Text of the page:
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I have a problem on binomial probability, it goes like this:

A restaurant offers apple and blueberry pies and stocks an equal number of each kind of pie. Each day ten customers request pie. They choose, with equal probabilities, one of the two kinds of pie. How many pieces of each kind of pie should the owner provide so that the probability is about .95 that each customer gets the pie of his or her own choice?

Now I know the binomial formula: $\binom{n}{k}p^k(1-p)^{n-k}$, so in this scenario it goes like: $\binom{n}{10}.5^{10}.5^{n-10}$.

Is this correct? How do I find n? I've been trying several values like $n=15$, $n=20$, etc. but this does not feel correct, there should be a way of getting it.

EDIT:

In matlab I get with binocdf() .9408 with n=15, but what exactly am I doing?

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  • $\begingroup$ Why do you think $k$ should be 10? What is being chosen? What is the maximum number of (things) that can be chosen? $\endgroup$ – jbowman Nov 11 '13 at 19:31
  • $\begingroup$ 10 customers get 1 pie, so I think is n choose 10 $\endgroup$ – Pedro.Alonso Nov 11 '13 at 19:43
  • $\begingroup$ And the maximum I say is 10 also it can be 9,8,7, etc., but for 10 costumers 10 pies $\endgroup$ – Pedro.Alonso Nov 11 '13 at 19:52
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    $\begingroup$ Each of 10 customers chooses 1 pie, with probability $p$. So... how many TOTAL pies are chosen? Of that many total pies, how many are apple? What is the probability that, say, 4 of the pies are apple? $\endgroup$ – jbowman Nov 11 '13 at 20:05
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    $\begingroup$ You might find it easier to flip the question around: If I bake 5 of each kind, what are the chances everyone gets the kind they want? (that only works if exactly 5 people want each type) If I bake 6 of each, what are the chances everyone gets the kind they want? ... (If I bake 10 of each, clearly it's 100% chance everyone gets what they want). The question is slightly ambiguous in that it can be interpreted as requiring the same number of each or it can be interpreted as not requiring them to be the same (you may be able to get the desired coverage with say 6 of one kind and 7 of the other). $\endgroup$ – Glen_b Nov 11 '13 at 21:57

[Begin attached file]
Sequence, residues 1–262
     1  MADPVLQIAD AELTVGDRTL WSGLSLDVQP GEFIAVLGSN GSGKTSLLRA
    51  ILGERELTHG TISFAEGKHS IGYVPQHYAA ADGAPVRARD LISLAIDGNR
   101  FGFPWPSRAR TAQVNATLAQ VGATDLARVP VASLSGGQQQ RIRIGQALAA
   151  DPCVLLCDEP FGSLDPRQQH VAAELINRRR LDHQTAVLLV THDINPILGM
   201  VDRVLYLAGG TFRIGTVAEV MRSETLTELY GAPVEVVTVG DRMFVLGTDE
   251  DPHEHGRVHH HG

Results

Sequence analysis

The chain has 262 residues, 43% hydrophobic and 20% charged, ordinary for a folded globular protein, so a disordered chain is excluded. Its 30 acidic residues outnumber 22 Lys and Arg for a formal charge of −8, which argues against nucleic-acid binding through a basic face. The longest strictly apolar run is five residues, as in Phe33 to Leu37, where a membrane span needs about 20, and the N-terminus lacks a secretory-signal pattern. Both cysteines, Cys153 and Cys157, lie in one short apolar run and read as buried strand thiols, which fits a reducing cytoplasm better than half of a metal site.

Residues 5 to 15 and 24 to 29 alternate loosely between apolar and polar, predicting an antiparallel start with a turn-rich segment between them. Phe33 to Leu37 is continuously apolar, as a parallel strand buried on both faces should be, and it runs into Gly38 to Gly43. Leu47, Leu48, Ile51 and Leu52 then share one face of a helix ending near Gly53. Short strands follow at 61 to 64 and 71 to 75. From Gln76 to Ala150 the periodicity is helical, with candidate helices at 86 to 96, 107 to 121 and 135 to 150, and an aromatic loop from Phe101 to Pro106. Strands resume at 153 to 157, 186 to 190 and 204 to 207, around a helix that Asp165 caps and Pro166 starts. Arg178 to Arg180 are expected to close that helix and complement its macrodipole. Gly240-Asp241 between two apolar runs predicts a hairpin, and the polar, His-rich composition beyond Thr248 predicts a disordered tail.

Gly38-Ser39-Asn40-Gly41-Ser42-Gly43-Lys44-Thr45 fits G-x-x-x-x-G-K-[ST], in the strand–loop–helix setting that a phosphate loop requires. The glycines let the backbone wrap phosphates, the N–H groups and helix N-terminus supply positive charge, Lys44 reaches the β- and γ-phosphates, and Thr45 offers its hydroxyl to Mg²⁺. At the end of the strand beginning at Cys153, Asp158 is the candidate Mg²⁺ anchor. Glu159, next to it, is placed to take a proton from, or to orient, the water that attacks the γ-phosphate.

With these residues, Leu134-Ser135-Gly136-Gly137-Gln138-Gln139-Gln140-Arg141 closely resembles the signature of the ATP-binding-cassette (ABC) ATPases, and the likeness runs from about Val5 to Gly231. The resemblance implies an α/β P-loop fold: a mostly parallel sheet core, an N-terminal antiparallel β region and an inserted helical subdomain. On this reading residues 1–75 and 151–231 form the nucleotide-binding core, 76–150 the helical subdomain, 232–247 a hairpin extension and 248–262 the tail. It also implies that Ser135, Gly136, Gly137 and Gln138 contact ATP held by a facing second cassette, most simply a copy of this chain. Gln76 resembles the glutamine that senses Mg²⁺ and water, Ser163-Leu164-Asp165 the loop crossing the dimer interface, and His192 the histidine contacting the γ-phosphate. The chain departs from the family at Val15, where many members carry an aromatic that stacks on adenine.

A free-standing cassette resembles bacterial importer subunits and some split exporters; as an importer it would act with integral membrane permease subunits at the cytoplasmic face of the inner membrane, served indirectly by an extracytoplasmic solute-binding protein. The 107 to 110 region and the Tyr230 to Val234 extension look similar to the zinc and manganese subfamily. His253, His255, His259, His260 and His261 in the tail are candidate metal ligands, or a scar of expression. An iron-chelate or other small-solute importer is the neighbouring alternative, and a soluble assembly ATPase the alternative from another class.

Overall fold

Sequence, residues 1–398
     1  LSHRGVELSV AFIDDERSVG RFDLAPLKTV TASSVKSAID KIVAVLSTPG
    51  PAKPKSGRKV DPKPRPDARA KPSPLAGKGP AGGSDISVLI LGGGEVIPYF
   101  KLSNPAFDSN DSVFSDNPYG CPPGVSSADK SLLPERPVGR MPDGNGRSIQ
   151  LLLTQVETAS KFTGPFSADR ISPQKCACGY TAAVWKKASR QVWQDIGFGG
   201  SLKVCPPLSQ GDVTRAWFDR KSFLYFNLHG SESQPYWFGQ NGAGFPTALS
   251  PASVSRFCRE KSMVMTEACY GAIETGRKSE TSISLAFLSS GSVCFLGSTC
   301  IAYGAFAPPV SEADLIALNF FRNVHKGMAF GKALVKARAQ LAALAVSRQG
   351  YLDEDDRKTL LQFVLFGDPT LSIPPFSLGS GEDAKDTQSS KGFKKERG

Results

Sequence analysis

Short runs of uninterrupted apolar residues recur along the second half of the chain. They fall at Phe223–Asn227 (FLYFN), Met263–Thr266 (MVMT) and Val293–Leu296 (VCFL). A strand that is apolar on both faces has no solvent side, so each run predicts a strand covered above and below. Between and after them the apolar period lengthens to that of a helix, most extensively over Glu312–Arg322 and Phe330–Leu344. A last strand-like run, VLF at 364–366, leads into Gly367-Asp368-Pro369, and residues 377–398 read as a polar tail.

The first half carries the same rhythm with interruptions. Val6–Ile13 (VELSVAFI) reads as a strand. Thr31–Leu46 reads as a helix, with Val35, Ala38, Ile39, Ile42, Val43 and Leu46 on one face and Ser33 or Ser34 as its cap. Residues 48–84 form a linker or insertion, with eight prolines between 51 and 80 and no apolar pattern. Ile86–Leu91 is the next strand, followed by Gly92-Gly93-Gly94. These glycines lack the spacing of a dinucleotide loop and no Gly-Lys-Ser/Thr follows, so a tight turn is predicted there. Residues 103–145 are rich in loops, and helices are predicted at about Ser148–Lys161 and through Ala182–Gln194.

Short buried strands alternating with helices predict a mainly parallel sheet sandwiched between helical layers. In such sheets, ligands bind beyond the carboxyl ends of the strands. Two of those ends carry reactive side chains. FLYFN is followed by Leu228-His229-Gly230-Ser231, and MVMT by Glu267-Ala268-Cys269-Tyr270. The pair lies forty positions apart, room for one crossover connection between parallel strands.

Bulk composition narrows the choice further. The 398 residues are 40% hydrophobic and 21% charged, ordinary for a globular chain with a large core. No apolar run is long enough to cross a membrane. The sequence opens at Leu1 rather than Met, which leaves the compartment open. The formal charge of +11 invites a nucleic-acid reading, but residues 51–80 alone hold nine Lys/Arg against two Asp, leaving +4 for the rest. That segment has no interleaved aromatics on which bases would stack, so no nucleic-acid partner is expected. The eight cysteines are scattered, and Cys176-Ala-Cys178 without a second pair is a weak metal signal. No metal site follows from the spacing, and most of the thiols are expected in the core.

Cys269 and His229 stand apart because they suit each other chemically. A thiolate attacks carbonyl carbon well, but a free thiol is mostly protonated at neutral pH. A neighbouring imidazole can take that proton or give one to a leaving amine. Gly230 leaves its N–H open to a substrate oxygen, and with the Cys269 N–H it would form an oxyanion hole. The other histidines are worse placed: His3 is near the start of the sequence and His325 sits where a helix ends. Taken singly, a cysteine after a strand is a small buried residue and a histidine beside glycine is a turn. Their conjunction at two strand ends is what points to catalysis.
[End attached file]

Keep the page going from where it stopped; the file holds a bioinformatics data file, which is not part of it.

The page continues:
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The exercise says that each day exactly 10 customers walk in, asking for one of two sorts of pie. The question is which total number of pies of each sort must be available to ensure with 95% probability that each customer gets what he/she requests. Let us have a look at the extreme cases first: If the total number is 4 of each sort, then a total number of 8 pies is available and it is certain that the last two customers do not only not get their wish, but no pie at all. If on the other hand 10 pies of each sort are available then each customer will get what he/she wishes - even if all 10 order the same sort of pie.

This may give an idea how to solve the general problem: We have to look for the probability that 0, 1, 2, ..., 10 out of 10 customers choose, say, apple pie. This distribution is given by $\binom{10}{n} p^n (1-p)^{10-n}$ with $p=0.5$. The cumulative binomial distribution shows that the probability to choose 9 or 10 apple pies is about 1%. Likewise, the symmetric question that 0 or 1 customers choose apple pie is equally small. So there is a 98% chance that between 2 and 8 customers choose apple pie. If the shop has 8 pies of each sort on stock, the customers will be happy with 98% probability. (A similar calculation shows that the probability to pick between 3 and 7 apple pies is only 89%. So 7 pies of each sort is not enough.)

Side note: If we assume that apple pie is exquisite and expensive while the alternative is always on stock, then the problem becomes a one-sided statistical problem. Only days on which customers choose many apple pies are problematic. In this scenario, 7 apple pies are almost enough since the probability to choose 8 or more of one sort is equal to 5.5%.

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  • $\begingroup$ Yes I got 8 ≈0.98, so that sounds reasonable. $\endgroup$ – Pedro.Alonso Nov 11 '13 at 22:06

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